Doctors and school nurses in Delaware are beginning to share information to better care for children with chronic illness.
Specialists at A.I. duPont Hospital for Children and primary care doctors in the Nemours health system are working on the pilot program with nurses at several schools in the Red Clay and Milford school districts.
Too often, important health care instructions never make it to school, especially after an emergency room visit, says Dr. Katherine King, a pediatric pulmonologist.
“And the school’s wondering, ‘Well did they think you had a concussion? Should we be taking precautions at school? When are the stitches supposed to come out? What are the restrictions for physical education class and recess?'” King said. “And the nurse’s difficulty is, ‘Who do I call?'”
A pilot program lets school nurses log on to a secure Web site to consult a child’s medical record. King says parents give consent before their child’s information is shared.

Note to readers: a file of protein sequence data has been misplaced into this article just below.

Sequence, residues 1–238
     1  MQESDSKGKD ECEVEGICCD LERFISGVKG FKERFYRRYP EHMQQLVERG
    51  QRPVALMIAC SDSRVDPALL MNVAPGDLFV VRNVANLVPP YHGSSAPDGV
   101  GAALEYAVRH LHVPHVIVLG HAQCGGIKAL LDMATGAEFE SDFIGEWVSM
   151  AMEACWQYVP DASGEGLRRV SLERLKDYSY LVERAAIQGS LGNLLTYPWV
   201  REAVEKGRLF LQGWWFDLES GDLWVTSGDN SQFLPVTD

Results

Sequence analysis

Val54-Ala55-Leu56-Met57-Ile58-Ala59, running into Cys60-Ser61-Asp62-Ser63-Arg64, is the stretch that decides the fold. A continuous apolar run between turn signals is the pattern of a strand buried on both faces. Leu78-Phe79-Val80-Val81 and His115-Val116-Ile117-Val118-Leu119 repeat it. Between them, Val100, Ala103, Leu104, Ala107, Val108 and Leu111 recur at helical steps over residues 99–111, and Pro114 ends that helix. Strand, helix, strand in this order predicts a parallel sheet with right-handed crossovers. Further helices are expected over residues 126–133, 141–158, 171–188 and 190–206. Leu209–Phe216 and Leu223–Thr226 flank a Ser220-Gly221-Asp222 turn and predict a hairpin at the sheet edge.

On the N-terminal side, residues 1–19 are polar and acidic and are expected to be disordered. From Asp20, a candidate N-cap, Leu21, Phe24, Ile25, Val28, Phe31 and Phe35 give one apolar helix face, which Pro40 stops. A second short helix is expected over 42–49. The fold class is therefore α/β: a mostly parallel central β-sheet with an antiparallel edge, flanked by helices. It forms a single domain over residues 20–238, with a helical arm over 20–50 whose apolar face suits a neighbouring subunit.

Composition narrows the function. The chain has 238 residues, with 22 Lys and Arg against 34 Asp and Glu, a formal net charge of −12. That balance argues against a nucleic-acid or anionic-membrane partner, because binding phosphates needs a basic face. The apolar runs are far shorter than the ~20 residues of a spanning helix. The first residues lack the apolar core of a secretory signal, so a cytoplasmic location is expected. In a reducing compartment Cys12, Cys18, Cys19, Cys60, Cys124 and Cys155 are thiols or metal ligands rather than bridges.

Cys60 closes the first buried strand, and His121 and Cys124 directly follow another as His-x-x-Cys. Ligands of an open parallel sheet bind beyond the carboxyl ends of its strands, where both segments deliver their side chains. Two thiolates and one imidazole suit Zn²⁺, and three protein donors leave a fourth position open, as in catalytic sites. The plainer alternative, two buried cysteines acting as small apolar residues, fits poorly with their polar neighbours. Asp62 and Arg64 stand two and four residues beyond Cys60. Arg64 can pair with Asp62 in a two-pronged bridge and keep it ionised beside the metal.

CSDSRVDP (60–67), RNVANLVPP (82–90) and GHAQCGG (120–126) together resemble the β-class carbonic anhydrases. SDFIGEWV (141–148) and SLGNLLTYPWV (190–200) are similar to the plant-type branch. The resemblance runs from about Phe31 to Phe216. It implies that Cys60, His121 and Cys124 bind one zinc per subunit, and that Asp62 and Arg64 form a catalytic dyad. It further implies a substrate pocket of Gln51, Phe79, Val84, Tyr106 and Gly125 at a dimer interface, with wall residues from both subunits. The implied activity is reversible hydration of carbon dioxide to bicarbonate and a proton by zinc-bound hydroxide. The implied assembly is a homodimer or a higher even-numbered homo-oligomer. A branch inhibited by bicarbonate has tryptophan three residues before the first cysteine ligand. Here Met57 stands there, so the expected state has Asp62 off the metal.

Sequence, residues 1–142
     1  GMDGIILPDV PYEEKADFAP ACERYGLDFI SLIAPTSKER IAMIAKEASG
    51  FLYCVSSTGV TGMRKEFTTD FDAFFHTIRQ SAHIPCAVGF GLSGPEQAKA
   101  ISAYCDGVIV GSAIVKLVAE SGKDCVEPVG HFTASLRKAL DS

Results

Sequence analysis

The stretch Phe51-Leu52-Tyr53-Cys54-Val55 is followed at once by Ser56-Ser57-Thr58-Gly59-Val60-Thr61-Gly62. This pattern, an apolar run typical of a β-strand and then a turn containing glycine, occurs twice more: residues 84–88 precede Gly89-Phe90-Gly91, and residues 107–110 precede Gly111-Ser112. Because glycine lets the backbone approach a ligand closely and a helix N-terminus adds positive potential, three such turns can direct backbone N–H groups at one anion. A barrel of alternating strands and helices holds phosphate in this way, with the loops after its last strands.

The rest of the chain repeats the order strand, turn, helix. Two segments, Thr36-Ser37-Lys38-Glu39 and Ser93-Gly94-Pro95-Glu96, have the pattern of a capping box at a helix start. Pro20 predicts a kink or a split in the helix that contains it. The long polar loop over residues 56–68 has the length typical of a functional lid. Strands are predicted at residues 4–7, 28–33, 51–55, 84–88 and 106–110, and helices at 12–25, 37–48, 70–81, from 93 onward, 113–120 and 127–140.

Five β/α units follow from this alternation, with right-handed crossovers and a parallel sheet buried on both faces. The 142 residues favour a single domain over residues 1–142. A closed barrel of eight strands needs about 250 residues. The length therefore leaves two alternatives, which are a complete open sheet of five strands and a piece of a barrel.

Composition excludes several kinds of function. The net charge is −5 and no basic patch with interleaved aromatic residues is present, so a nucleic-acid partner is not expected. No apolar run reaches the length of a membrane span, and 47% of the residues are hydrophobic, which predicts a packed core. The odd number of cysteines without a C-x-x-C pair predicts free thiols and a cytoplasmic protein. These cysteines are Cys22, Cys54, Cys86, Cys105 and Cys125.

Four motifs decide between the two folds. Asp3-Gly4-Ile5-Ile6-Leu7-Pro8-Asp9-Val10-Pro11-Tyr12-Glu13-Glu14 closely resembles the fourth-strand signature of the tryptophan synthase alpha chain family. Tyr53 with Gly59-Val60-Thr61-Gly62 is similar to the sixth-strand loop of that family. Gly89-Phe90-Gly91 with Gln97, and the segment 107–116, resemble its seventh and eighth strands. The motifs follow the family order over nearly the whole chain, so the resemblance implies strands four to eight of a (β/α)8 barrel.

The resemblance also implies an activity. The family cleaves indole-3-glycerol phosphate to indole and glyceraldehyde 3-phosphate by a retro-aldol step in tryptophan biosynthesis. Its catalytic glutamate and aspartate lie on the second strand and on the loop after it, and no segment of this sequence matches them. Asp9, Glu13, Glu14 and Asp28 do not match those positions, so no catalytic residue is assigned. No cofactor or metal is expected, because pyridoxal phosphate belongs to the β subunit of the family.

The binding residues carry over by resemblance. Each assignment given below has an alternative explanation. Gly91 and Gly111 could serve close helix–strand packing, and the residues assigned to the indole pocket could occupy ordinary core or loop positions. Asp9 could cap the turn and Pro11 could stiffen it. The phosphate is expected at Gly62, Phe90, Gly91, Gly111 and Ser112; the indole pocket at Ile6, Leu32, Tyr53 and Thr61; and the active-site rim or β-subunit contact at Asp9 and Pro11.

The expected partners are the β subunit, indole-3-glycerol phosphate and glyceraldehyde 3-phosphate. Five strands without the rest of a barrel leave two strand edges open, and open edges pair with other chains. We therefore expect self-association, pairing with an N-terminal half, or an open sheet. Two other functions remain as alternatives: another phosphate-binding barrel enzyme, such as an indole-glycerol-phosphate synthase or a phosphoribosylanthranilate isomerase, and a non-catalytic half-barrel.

Adding school nurses to the information loop may help improve care for children with asthma, diabetes and other health conditions requiring close management—and give parent peace of mind, King said..
“I think that if you had a chronic illness that would give you a lot of security when you send your child to school. You’re not just putting the inhaler or insulin in their bag and hoping that everything goes well,” King said. “You really have a team of care providers working together to give the best care.”
Doctors hope the program will improve care, but first they’ll measure whether the electronic medical record is convenient and easy to use..
“We can look at the EMR and see if people actually use it. We can set this up but people are so busy … did they actually find time to use it?” King said.